On Thursday, 52 percent of the UK voted to leave the European Union, while 48 percent voted to remain.
Polls show the vast majority of those who voted "Leave," about 80 percent, believed immigration was a "force for ill," while the vast majority of those who voted "Remain," about 79 percent, believed immigration was a "force for good."
This isn't all that surprising, given the pro-Brexit camp has been fervently xenophobic and isolationist throughout the debate over immigration.
But, this xenophobia of the pro-Brexit camp translated into palpable hate on the streets of Britain in the wake of Thursday's vote.
It seems some of those who voted to leave feel they are now justified in blatantly attacking people who do not appear to be of white British heritage.
More than 100 incidents of race-based hate crimes have been reported since the UK voted to leave the EU, the Independent reports.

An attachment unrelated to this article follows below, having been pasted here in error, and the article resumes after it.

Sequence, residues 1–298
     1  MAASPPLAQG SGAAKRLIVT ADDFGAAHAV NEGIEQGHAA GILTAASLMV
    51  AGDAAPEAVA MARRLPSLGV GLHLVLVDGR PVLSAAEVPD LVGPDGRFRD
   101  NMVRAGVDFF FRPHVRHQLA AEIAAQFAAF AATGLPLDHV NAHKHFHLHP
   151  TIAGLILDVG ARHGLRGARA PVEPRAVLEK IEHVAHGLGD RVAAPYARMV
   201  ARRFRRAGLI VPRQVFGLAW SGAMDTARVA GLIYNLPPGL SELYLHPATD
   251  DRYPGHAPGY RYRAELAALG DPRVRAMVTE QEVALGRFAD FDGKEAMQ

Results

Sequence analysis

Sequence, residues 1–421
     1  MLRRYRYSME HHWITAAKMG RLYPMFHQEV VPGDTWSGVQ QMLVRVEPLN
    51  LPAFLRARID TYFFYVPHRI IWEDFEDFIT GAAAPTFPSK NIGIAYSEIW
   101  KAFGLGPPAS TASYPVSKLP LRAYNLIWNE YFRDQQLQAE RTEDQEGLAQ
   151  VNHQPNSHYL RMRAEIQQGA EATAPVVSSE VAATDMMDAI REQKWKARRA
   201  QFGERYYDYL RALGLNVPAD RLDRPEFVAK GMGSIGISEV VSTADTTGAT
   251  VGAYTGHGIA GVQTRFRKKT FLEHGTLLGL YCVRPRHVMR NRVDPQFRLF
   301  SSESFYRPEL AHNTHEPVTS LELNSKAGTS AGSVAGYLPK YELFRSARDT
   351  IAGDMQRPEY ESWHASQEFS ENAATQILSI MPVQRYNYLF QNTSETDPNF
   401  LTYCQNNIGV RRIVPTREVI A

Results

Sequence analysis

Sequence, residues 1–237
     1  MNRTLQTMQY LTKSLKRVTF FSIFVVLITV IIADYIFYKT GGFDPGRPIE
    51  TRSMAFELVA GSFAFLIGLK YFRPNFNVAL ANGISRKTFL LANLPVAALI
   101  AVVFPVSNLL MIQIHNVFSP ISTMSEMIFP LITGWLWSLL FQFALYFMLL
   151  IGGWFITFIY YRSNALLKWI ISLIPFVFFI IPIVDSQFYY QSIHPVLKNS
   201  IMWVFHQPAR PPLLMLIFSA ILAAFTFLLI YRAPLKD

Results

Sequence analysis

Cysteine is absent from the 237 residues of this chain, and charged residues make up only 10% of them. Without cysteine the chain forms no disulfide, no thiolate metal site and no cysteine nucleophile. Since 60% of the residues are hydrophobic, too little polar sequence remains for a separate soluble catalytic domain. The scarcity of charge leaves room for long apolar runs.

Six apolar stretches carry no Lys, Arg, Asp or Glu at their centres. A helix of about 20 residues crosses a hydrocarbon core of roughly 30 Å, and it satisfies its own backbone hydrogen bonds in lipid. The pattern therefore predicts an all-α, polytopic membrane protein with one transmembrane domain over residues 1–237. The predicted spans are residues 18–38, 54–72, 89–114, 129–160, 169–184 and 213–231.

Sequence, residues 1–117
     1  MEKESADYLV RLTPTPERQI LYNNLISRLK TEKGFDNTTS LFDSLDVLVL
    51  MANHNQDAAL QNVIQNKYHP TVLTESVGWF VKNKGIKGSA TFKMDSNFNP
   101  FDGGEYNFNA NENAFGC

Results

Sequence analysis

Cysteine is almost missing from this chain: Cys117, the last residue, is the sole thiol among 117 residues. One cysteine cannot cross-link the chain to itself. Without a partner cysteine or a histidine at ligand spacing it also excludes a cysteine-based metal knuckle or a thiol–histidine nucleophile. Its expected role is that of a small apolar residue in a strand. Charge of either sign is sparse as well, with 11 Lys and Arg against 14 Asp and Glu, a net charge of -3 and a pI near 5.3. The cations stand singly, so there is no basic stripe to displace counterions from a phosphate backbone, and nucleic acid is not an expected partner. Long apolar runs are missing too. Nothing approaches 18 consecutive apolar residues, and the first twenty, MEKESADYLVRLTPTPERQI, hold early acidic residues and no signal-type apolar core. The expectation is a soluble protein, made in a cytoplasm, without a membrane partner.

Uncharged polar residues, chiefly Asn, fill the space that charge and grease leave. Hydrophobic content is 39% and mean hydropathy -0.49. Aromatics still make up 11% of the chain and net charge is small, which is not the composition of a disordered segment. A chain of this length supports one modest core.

After the vote and through the weekend, people took to Twitter to document hateful incidents they witnessed, heard about or were targets of, sometimes using the hashtag #PostRefRacism.
Others expressed solidarity with those who were victims of this intolerance and provided information on how people can help report hate crimes.
Politicians, including London Mayor Sadiq Khan, also expressed their concern over this unsettling post-Brexit trend.
There are many disconcerting parallels between the pro-Brexit camp and Donald Trump's campaign for the presidency in the US, especially strong anti-immigrant sentiments. Accordingly, Americans should pay very close attention to what's happening in the UK.
Citations: Surge in Hate Crimes in the U.K. Following U.K.'s Brexit Vote (TIME), How the United Kingdom voted on Thursday… and why (Lord Ashcroft Polls), Brexit: Wave of hate crime and racial abuse reported following EU referendum (Independent)